11 March 2004 Edition
IMC's gross political intervention
The decision by the International Monitoring Commission (IMC) to make a special report into the Bobby Tohill incident is being seen by republicans as another example of the British and Dublin Government reacting to unionist and PSNI promptings.
In a week that has seen an upsurge in attacks on Sinn Féin by politicians North and South, the decision by the IMC to produce a special report on the Tohill incident "smacks of the grossest political intervention", says Sinn Féin's Mitchel McLaughlin.
"The response to the incident by the IMC stands in stark contrast to reports concerning ongoing unionist paramilitary attacks on Catholics and seven killings over the past year which includes the beating to death of 21-year-old Catholic James McMahon in Lisburn last November."
Announcing that the IMC would be making an early report, its chairperson, the former Alliance Party leader and Speaker of the Assembly, John Alderdice admitted at a press conference on Tuesday 9 March that the IMC could face criticism for not "being equally premature in reporting on the sectarian killing of McMahon and other loyalist violence".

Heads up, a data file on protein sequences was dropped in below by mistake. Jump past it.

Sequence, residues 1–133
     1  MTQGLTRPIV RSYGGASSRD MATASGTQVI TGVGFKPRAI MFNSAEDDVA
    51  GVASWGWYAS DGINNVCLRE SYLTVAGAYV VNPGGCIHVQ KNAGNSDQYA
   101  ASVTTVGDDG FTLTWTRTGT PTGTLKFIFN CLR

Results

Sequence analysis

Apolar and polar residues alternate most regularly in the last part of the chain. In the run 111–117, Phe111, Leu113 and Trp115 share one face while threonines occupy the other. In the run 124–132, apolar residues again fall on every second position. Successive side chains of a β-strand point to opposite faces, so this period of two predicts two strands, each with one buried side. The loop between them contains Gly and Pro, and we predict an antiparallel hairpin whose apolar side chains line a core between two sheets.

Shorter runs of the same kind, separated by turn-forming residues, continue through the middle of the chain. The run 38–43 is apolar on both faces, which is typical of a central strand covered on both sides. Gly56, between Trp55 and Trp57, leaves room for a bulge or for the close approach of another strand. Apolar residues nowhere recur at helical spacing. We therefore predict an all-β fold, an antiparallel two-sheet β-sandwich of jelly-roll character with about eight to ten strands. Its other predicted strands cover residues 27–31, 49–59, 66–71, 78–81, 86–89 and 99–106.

Meanwhile, republicans have accused the PSNI's Special Branch, "of being up to its old tricks".
Said Sinn Féin's Fra McCann, "the decision by members of the PSNI to visit the homes of people engaged in anti social behaviour in Belfast to warn them of imminent threats from the IRA are straight out of the PSNI Special Branch's book of dirty tricks".
Over the past number of weeks, the PSNI have visited homes throughout Belfast, in the Lower Falls and Divis areas as well as homes in the Markets, to warn a number of young men they are under threat from republicans.
McCann told An Phoblacht the visits are nothing more than the PSNI trying to put a political spin on the current process and are designed to influence the forthcoming report by the Independent Monitoring Commission.